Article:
Understanding Forward Proxies

A forward proxy, also called an open proxy, acts as a representative for a client that is trying to send a request through the internet to an origin server. In this scenario, all attempts to send requests by the client will instead be sent to the forward proxy.

The forward proxy, in the client’s stead, will examine the request. First, it will determine if this client is authorized to send requests through this specific forward proxy.

It will then reject the request or forward it to the origin server. The client has no direct access to the internet; it can only reach what the forward proxy allows it to access.

A common use case of forward proxies is to gain increased privacy or anonymity on the internet. A forward proxy accesses the internet in place of a client, and in that process it can use a different IP address than the client’s original IP address.

Depending on how it has been configured, a forward proxy can grant a number of features, allowing you to:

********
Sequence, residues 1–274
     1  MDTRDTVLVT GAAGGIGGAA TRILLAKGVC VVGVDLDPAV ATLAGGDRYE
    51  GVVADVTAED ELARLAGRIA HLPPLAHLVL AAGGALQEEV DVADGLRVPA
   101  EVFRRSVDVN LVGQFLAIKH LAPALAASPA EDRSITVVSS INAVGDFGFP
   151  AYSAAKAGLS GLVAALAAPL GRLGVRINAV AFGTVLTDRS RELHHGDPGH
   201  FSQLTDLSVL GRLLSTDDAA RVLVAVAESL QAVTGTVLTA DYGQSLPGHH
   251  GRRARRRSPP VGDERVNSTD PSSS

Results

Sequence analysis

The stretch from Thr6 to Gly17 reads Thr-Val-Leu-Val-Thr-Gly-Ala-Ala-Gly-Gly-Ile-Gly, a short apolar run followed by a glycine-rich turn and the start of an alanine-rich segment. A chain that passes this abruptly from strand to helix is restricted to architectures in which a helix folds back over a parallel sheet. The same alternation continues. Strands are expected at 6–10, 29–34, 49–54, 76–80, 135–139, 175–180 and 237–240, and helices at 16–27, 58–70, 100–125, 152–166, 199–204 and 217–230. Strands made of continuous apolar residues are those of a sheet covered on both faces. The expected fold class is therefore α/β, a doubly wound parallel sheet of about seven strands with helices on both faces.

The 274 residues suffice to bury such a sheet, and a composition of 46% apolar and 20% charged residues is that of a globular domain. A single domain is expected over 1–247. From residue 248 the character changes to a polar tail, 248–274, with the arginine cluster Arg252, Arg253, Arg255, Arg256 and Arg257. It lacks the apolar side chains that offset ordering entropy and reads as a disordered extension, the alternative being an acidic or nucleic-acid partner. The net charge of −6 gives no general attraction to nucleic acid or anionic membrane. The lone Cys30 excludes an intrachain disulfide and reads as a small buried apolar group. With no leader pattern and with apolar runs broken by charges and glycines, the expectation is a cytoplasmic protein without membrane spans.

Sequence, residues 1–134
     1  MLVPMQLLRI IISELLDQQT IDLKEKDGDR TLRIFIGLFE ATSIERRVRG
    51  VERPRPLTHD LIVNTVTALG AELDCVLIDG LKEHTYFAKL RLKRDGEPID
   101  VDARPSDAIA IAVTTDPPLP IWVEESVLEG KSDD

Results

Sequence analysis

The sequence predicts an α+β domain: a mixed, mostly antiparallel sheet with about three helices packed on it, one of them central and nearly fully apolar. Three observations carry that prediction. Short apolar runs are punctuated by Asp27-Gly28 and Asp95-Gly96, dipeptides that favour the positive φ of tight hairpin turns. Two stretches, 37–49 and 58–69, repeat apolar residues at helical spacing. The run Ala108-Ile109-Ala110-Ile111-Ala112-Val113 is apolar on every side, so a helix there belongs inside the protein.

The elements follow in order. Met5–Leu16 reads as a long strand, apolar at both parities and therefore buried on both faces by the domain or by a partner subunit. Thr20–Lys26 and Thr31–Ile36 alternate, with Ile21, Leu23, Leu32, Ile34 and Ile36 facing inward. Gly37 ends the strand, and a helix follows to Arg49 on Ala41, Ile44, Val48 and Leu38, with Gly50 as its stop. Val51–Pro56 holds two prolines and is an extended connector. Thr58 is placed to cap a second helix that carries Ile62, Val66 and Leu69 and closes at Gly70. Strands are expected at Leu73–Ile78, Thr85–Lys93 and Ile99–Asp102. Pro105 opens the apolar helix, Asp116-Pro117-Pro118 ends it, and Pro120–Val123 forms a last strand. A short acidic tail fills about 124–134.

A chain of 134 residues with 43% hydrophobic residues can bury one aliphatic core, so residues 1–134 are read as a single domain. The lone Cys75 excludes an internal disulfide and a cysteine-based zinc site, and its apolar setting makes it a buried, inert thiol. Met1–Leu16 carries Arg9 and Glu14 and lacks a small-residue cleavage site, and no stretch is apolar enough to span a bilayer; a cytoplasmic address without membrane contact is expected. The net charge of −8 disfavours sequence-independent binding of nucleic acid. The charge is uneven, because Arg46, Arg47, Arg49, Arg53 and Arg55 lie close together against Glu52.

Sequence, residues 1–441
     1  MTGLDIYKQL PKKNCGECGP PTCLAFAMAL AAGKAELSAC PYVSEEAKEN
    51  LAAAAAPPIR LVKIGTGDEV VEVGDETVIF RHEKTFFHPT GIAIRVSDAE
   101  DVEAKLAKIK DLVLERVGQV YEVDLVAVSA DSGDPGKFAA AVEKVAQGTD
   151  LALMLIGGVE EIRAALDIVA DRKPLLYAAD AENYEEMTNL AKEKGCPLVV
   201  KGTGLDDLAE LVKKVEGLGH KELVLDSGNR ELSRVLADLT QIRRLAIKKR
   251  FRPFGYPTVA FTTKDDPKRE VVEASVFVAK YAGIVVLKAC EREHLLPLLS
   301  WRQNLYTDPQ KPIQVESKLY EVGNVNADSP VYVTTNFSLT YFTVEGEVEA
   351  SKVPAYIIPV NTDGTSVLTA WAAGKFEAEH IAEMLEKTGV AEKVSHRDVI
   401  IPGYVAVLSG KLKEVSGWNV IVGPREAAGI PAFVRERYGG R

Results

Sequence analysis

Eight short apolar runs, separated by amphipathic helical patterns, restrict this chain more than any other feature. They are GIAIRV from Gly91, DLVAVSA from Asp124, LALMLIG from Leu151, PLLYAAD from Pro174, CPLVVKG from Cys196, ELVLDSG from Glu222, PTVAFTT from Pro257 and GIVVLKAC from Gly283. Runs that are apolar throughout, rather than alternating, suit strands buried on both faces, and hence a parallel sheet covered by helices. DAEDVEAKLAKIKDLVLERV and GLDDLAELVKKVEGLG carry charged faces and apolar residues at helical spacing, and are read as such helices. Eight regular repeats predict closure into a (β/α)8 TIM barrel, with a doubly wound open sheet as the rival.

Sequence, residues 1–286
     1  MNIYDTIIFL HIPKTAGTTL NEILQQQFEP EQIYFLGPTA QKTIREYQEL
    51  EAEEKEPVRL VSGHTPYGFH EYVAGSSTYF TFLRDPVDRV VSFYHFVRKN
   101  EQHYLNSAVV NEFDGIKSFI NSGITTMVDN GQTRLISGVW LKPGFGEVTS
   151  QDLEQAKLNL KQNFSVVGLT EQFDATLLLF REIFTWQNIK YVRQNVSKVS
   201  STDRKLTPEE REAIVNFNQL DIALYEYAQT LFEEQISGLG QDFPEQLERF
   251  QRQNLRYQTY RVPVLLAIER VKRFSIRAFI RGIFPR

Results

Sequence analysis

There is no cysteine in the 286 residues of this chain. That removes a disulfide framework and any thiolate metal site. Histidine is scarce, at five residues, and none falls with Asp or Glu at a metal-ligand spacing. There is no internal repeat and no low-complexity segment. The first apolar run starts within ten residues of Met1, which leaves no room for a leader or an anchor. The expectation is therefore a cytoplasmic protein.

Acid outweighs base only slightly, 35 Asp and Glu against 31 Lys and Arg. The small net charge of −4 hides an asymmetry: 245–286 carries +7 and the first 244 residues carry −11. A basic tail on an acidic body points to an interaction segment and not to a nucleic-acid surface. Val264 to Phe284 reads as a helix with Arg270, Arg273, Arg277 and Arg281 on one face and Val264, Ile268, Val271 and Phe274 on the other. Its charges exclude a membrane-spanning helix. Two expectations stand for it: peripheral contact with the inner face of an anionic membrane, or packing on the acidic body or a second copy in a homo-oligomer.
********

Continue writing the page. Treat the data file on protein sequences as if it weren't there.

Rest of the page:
Avoid ad tracking.
Circumvent surveillance.
Identify restrictions based on your geolocation.

Forward proxies are also used in systems for centralized security and permission based access, such as in a workplace.

When all internet traffic passes through a common forward proxy layer, an administrator can allow only specific clients access to the internet filtered through a common firewall.

Instead of maintaining firewalls for the client layer that can involve many machines with varying environments and users, a firewall can be placed at the forward proxy layer.

Keep in mind that forward proxies must be manually set up in order to be used, whereas reverse proxies can go unnoticed by the client. Depending on whether the IP address of a client is passed on to the origin server by the forward proxy, privacy and anonymity can be granted or left transparent.

There are several options to consider for forward proxies:

Apache: A popular open-source web server that offers forward proxy functionality.

Nginx: Another popular open-source web server with forward proxy functionality.

Squid: An open-source forward proxy that uses the HTTP protocol. This option doesn’t include an entire web server solution. You can check out our guide on how to set up Squid proxy for private connections on Ubuntu 20.04.

Dante: A forward proxy that uses the SOCKS protocol instead of HTTP, making it more suitable for use cases such as with peer-to-peer traffic. You may also want to check out how to set up Dante proxy for private connections on Ubuntu 20.04